Availability: The works by Sir Samuel Ferguson are in the public domain. This electronic text is available with prior consent of the CELT programme for purposes of private or academic research and teaching.

Notes statement

Source description

Life and Work of Sir Samuel Ferguson

  1. Mary Catherine Guinness Ferguson, Sir Samuel Ferguson in the Ireland of his Day (Edinburgh/London 1896).
  2. Arthur Deering, Sir Samuel Ferguson, Poet and Antiquarian (Philadelphia 1931).
  3. Malcolm Brown, Sir Samuel Ferguson (Lewisburg) 1973.
  4. Robert O'Driscoll, An ascendancy of the heart: Ferguson and the beginnings of modern Irish literature in English (Dublin 1976).
  5. Joseph Th. Leerssen, Mere Irish and Fíor-Ghael: Studies in the idea of Irish nationality, its development and literay expression prior to the nineteenth century (Amsterdam/Philadelphia 1986).
  6. Terence Brown and Barbara Hayley (eds), Samuel Ferguson: a centenary tribute (Dublin: Royal Irish Academy 1987).
  7. Maurice Harmon, The Enigma of Samuel Ferguson, in: O. Komesu, M. Sekine (eds), Irish writers and politics (Irish Literary Studies 36) (Gerrards Cross 1989) 62–79.
  8. Peter Denman, Samuel Ferguson: the literary achievement (Gerrards Cross, Bucks. 1990).
  9. Eve Patten, 'Samuel Ferguson: a tourist in Antrim', in: Gerald Dawe and John Wilson Foster, (eds), The poet's place: Ulster literature and society: essays in honour of John Hewitt, 1907–87 (Belfast: Queen's University of Belfast, Institute of Irish Studies, 1991).
  10. Gréagóir Ó Dúill, Samuel Ferguson: Beatha agus Saothar (Baile Átha Cliath [=Dublin] 1993).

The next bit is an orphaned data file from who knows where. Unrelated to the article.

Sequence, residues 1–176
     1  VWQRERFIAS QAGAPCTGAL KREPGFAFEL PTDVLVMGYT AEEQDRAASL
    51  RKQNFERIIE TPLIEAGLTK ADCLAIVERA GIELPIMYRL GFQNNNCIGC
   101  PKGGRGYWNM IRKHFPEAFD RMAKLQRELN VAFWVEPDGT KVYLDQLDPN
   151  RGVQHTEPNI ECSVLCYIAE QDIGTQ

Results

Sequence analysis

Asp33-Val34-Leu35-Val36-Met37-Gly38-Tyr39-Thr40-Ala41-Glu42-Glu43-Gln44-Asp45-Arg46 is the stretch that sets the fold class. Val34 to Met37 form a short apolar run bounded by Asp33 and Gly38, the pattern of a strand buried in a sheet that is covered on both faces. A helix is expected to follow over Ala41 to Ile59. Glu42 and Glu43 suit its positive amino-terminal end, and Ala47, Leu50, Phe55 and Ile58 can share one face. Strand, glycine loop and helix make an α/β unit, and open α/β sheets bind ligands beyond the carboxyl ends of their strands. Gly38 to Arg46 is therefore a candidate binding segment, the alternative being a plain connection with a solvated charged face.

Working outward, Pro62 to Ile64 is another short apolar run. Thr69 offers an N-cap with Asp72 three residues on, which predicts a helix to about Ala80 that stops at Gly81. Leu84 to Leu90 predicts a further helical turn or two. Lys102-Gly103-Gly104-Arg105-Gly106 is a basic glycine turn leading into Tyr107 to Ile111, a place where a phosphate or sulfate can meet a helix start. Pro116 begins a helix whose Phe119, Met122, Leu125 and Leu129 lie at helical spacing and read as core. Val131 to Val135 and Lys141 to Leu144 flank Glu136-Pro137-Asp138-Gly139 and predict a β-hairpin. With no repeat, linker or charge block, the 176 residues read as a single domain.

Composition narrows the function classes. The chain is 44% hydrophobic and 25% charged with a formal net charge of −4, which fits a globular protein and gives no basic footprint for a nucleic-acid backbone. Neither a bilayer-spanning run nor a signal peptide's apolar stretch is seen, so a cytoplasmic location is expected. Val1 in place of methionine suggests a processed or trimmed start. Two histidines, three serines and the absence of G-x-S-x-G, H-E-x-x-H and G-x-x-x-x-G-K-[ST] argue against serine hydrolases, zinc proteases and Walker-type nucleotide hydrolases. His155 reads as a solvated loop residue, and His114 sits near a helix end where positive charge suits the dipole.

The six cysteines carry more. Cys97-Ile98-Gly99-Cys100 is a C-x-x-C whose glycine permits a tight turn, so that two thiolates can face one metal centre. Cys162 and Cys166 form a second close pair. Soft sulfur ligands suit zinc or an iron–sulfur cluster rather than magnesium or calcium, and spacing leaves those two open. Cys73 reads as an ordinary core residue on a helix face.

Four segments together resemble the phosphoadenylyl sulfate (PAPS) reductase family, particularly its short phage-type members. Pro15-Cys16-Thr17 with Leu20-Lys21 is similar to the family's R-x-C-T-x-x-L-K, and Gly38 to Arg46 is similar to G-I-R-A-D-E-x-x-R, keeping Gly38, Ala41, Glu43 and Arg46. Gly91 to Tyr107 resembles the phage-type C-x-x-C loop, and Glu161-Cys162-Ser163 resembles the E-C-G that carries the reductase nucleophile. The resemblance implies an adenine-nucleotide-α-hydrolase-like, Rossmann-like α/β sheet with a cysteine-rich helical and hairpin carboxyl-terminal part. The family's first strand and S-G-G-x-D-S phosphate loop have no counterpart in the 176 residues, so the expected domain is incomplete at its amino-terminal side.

11. Gréagóir Ó Dúill, Sir Samuel Ferguson (1810–1886), in: Eamon Phoenix (ed), A century of northern life: The Irish News and 100 years of Ulster history, 1890s–1990s (Belfast 1995) 182–186.
  12. Sean Ryder, 'The politics of landscape and region in nineteenth-century poetry', in: Leon Litvack, Glenn Hooper (eds), Ireland in the nineteenth century: regional identity (Dublin 2000).
  13. Eve Patten, Samuel Ferguson and the culture of nineteenth-century Ireland (Dublin 2004).
  14. Peter Denman, William Carleton and Samuel Ferguson: lives and contacts, in: Gordon Brand (ed), William Carleton, the authentic voice (Gerard's Cross 2006) 360–377.
  15. Eve Patten, Samuel Ferguson's Hibernian Nights' Entertainments, in: James H. Murphy (ed), The Irish book in English, 1800–1891. The Oxford History of the Irish Book, 4 (Oxford: 2011).
  16. Matthew Campbell, 'Samuel Ferguson's Maudlin Jumble', in: Kirstie Blair, Mina Gorji (eds), Class and the canon: constructing labouring-class poetry and poetics, 1780–1900 (Basingstoke 2013).


  • Poems of Sir Samuel Ferguson are available on www.archive.org.

The edition used in the digital edition

Ferguson, Samuel (1918). ‘Fergus Wry-Mouth’. In: Poems of Sir Samuel Ferguson‍. Ed. by Alfred Perceval Graves. Dublin: Talbot Press, pp. 30–32.

You can add this reference to your bibliographic database by copying or downloading the following:

  author 	 = {Samuel Ferguson},
  title 	 = {Fergus Wry-Mouth},
  editor 	 = {Alfred Perceval Graves},
  booktitle 	 = {Poems of Sir Samuel Ferguson},
  publisher 	 = {Talbot Press},
  address 	 = {Dublin},
  date 	 = {1918},
  pages 	 = {30–32}


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Project description: CELT: Corpus of Electronic Texts

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The whole poem.

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Correction: The text has been proof-read twice.

Normalization: The electronic text represents the edited text.

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Interpretation: Names of persons (given names), and places are not tagged. Terms for cultural and social roles are not tagged.

Profile description

Creation: 1858–1864

Language usage

  • The poem is in English. (en)

Keywords: Fergus Wry-Mouth; Ulster Cycle; poetry; Celtic revival; 19c

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(Most recent first)

  1. 2016-06-13: Text captured. (data capture Beatrix Färber)
  2. 2014-06-14: SGML and HTML files created. (ed. Beatrix Färber)
  3. 2014-06-13: File proofed (1, 2); structural markup applied according to CELT practice; bibliographic details added; file parsed and validated. (ed. Beatrix Färber)